This is just the first part of the third part of “The Knights.” I appologize for the incomplete story, but my mind is otherwise occupied with my upcoming wedding. I’ll have more up the week of June 22nd. Until then, read and be happy!
Hugo thrashed wildly in his sleep. The dreams had found him again. Aaron watched quietly as his friend went through his nightly torture. Hugo had told him the details of the recurring dream some time ago. The dream was of Hugo’s past, long ago and far away. When Hugo was younger, he served as a knight in service to the church. To him, swordplay was a prayer, and physical training was his pennance. Daily, he would push his body to the extremes of endurance. On one such day, he pushed himself too far; he asked too much of his body, and it betrayed him. Lying fevered and ill, Hugo had a vision of God.
God invited him to sit at the foot of His throne. He offered a life in eternal service as a warrior. Hugo eagerly agreed, but found himself awake in bed before he made the vow of service. A monk named Theodore witnessed Hugo’s enraged awakening. Though his boy was weak, Hugo threw himself from the bed. He was reaching out; the monk believed that Hugo desired water, but in truth the knight was reaching for his sword which leaned against the wall far from the bed. Hugo dragged himself across the floor, yelling that he promised to be of service and pleading for a return to Heaven. Theodore rushed to console the knight, but Hugo just weakly pushed him away. With his strength depleted, he broke down in tears. Weeping, he told Theodore of his vision of God, and of his longing to return to His side.
Theodore consoled the knight, and pulled him back to the bed. He told Hugo a tale that would alter the young knight’s life; he told him of the sacred desert of the East, where the prophets of God would wander and seek guidance. Hugo decided that it was his path to go to the desert and find a vision from his God. Once he felt well enough, Hugo began his quest. He traveled for over a year, ever eastward, doing good where he could. When at last he came to the last known settlement on the skirts of civilization, his heart filled with doubt. He was staying at a tiny inn where he met a woman named Miranda. She was young and beautiful, but carried the child of another man in her belly.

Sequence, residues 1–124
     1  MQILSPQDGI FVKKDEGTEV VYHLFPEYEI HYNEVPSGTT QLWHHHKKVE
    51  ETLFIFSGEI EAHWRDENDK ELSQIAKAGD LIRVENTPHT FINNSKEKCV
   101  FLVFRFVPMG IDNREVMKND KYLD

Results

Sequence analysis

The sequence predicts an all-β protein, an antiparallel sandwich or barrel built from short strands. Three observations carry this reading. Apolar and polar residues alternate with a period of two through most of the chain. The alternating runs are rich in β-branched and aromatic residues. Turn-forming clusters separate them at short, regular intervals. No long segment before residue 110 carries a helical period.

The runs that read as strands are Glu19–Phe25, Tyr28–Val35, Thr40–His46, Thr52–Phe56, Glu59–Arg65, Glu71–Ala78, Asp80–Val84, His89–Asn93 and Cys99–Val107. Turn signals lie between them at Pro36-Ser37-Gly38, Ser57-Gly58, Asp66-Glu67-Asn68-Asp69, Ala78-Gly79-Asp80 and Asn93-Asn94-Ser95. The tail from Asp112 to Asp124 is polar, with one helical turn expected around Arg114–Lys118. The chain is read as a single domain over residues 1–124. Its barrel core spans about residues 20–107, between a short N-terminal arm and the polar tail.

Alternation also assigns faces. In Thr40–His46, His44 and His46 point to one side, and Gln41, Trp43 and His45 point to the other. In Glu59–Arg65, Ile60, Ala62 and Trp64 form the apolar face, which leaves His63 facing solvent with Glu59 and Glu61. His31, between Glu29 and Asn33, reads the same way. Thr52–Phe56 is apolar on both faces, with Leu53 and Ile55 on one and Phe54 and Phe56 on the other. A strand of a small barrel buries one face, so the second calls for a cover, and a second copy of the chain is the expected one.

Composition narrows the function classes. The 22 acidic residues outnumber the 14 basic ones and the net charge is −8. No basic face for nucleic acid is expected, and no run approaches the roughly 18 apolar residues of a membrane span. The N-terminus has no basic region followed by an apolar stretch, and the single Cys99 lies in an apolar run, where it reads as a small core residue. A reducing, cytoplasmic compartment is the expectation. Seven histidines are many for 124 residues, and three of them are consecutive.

Hugo was entranced by the woman, but knew that she could never be his; his life was a holy life, and he chose to deny himself the pleasures of life as a way of honoring his God. His feelings for her were forbiddingly intense; he dreamt of giving up his vows and joining her, especially when he discovered that her child’s father had died. He told himself it would be a more noble thing to become her husband and the father of her child. However, his dedication to his God was even stronger. He left the village an walked into the wilderness as the moon rose high in the sky.
Wandering the unforgiving desert, Hugo’s devotion was tested. His body thirsted and hungered, his mind amble back to the village and Miranda. The nights of walking and days dedicated to mere survival in the inhospitable place wore on the young knight’s devotion. He found himself considering the journey back, dark until he saw the prophet of the desert, Uriah. The prophet was tall and lean; his silken robes rippled in the wind as he strode across the rocky expanse. Uriah payed Hugo no heed until the young knight cried out:
“Prophet! I have heard of those that walk the earth searching for God. Are you truly one?”
“I am.” said Uriah with quiet words that could have blown away with but a soft zephyr. “What do you desire?”
“I need to know how to have a vision of God. I need to return to His feet and give Him my service.” said Hugo. Uriah leaned on his walking staff and contemplated…